Jeff Somple, president of Mack Molding’s Northern Operations (Arlington, VT), sat down with OrthoTec at the MD&M East show in Philadelphia and discussed why, despite being a growing and profitable company, there is still a struggle to attract talent into the medtech industry.
|(left to right) Chris Wartinger, product development manager, and Jeff Somple, president of Mack Molding's Northern Operations, talk about Mack's orthopaedic products at MD&M East.
OrthoTec: Why did Mack make an investment in its orthopaedics manufacturing business?
Jeff Somple: [Our] orthopaedics [business] has been growing dramatically and organically over the last few years. We’ve made some intelligent investments that specifically feed into some of the needs that are identified by the orthopaedic space. [Orthopaedics is currently about 15% of Mack’s business]
There’s been a trend in orthopaedics to move into disposables, and we were well positioned for that because of our molding [capabilities]. It seems like every investment we’ve made has dovetailed with the needs of the orthopaedics [market]. We invested in laser welding, which is a unique way of attaching the brackets to the trays that we’re making and doubled our capacity there. We added another laser cutting cell to increase our capacity in the sheet metal area. We put in a cleanroom that has six electric presses with an eye toward disposable manufacturing for the orthopaedics world.
Orthopaedics companies are under pressure to make the FDA happy and manage their supply base. When you can come to a company that has multiple capabilities under one roof, the orthopaedics companies see a real value to that. Right now we’re in programs with most of the major orthopaedic companies. [Mack has experienced] skyrocketing growth. We’ve not only invested in those areas, but we’ve also invested in people. We spun a business unit off from the medical business unit that focuses on orthopaedics. [The unit has about six dedicated people]. People were vying to get into this business unit, because it’s a real growth area.
OrthoTec: What’s your client strategy in Mack’s orthopaedics business unit?
Somple: Our main strategy is to become a significant supplier to the top orthopaedic companies. We already do some work with smaller orthopaedic companies, but [we’re also focusing on working with] the largest players in the industry, and are beginning to get some work there as well. Our strategy is to do more and more with a smaller group of orthopaedic companies.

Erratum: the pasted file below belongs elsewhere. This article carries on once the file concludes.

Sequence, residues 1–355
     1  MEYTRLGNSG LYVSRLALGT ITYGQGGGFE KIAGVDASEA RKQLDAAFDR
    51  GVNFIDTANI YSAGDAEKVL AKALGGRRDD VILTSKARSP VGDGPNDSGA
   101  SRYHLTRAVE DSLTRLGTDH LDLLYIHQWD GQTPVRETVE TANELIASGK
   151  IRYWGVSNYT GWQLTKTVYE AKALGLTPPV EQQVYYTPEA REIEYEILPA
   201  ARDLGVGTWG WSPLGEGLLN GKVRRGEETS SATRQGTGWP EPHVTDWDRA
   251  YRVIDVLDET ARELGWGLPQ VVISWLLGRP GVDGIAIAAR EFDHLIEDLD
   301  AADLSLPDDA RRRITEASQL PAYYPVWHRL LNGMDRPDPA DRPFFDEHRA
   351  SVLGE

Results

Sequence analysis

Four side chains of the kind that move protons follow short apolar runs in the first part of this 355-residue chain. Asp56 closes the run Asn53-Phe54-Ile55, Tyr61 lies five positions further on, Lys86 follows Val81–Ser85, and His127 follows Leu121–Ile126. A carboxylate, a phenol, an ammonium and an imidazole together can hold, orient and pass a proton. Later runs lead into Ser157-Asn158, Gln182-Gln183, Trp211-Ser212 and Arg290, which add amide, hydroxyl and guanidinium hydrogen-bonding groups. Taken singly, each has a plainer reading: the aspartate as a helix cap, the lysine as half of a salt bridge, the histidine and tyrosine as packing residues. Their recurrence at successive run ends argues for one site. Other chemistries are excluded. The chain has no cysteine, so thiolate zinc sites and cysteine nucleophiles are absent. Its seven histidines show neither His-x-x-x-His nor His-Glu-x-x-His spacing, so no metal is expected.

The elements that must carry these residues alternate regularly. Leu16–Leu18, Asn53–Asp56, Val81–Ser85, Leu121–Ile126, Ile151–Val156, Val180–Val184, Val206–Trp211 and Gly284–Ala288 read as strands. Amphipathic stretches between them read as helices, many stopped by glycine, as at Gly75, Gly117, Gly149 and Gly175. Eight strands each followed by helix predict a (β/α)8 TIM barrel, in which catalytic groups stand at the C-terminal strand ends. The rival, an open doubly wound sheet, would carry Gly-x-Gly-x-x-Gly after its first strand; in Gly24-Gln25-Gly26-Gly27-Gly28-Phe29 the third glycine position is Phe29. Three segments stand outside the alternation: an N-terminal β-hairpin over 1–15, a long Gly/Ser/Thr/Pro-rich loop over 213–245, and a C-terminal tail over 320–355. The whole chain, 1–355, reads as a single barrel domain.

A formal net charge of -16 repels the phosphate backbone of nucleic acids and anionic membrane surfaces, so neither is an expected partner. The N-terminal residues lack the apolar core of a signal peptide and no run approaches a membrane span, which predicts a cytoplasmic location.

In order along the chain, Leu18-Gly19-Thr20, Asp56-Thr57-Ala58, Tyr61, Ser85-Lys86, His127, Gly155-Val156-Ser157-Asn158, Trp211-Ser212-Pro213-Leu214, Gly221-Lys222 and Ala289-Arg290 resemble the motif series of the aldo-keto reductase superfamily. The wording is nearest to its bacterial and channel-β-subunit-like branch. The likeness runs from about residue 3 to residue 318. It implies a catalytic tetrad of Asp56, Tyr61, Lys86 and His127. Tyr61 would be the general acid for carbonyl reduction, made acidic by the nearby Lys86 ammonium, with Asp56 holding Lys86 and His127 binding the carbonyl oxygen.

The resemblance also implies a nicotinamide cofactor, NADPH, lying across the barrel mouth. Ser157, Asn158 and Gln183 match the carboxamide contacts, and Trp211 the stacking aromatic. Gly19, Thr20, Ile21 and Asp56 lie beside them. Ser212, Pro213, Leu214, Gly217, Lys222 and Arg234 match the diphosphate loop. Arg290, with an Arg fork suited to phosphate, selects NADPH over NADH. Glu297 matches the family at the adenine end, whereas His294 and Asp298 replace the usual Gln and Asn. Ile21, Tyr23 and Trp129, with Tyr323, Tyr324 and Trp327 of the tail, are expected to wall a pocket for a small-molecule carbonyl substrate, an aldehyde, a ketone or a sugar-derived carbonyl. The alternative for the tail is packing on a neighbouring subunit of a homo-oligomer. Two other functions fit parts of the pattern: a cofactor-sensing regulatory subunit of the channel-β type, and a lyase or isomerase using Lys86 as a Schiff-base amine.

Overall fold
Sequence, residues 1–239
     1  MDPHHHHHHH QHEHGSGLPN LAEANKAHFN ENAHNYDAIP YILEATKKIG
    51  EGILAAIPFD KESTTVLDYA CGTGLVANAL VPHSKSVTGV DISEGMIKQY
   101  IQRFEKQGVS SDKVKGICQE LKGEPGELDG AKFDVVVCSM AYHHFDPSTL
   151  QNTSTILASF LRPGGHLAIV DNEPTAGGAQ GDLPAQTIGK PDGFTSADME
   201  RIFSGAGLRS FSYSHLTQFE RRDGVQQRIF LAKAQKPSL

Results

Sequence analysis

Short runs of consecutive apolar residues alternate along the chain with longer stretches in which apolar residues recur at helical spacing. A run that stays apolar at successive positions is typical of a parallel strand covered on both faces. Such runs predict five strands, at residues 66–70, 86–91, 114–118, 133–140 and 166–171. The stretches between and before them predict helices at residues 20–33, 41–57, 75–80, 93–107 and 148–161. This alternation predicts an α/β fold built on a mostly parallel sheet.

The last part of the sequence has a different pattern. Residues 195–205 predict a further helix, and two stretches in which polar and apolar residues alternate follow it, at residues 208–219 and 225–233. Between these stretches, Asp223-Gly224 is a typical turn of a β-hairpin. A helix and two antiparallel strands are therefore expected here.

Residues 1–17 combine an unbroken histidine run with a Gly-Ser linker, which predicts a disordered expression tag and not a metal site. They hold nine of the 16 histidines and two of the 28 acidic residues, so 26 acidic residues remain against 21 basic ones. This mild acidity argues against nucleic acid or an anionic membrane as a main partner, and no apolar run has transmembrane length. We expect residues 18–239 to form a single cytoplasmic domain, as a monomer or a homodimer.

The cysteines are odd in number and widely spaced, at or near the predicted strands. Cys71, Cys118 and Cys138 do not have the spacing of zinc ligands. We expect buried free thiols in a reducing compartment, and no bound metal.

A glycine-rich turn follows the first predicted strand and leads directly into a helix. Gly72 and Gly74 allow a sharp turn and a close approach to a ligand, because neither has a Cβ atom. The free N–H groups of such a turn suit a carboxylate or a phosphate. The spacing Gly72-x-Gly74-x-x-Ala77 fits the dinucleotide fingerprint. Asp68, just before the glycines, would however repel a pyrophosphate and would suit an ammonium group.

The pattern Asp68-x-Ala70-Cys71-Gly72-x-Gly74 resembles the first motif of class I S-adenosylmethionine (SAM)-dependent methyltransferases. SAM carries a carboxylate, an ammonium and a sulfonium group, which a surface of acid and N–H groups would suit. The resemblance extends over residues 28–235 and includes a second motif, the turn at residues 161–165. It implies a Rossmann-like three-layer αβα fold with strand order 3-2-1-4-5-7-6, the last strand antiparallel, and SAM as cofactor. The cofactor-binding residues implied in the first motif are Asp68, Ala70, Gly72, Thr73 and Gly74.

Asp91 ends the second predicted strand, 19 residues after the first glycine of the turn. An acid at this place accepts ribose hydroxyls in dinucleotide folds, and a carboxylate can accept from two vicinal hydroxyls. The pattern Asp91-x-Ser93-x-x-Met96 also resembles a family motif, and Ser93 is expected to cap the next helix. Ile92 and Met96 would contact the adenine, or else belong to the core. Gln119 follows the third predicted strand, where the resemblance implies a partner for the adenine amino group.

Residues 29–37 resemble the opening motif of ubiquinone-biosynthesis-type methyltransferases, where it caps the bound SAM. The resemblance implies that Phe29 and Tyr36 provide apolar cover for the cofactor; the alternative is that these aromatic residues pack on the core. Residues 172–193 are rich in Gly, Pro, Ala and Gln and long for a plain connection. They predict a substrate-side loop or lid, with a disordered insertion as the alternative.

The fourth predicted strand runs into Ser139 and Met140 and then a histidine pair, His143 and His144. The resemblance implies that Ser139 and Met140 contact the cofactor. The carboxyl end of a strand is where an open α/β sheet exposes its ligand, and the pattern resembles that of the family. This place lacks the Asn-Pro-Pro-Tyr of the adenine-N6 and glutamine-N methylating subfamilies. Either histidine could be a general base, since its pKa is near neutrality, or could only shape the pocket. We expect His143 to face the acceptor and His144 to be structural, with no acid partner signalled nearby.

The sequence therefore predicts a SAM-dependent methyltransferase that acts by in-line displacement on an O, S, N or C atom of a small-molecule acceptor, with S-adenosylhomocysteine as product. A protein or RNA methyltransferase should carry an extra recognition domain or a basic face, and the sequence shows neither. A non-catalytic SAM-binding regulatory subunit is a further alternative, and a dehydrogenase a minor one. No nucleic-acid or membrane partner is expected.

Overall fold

OrthoTec: What industry trends are you seeing right now?
Somple: FDA has come down hard over the last few years. Orthopaedic companies have come under a lot of scrutiny, and they’re really watching their supply base. We have more audits than I can ever remember having before, and our track record so far has been very good.
The basic change is that the FDA has now told medical manufacturers that they’re responsible for the quality of their supply base. So they [the companies] have said, “We have to make sure we’re putting the same pressures on our outside suppliers as we put on ourselves.”
OrthoTec: What is the biggest challenge that the company is facing right now?
Somple: I think the biggest challenge that we face, like all U.S. manufacturers, is [recruiting] talent. We have cash and capital— we can grow. The real constraint to our growth might be qualified people. We’re doing some creative things to try to address that, but we’re not going to solve that problem up in Vermont. This summer we have 11 interns [Mack has also had three interns who returned to work at the company full time].
We’re fine in terms of direct labor—we can bring people in and provide the training and skills that they need. But to get a quality engineer or a supplier engineer, that’s problematic right now. You have to either recruit, or you have to try and do things like the internship program to train them yourself.
|Mack's strategy is to focus on working with the top orthopaedic device companies (above is a product that Mack manufactures for Stryker).
OrthoTec: Are you facing a challenge in partnering with local resources? How are you attracting talent?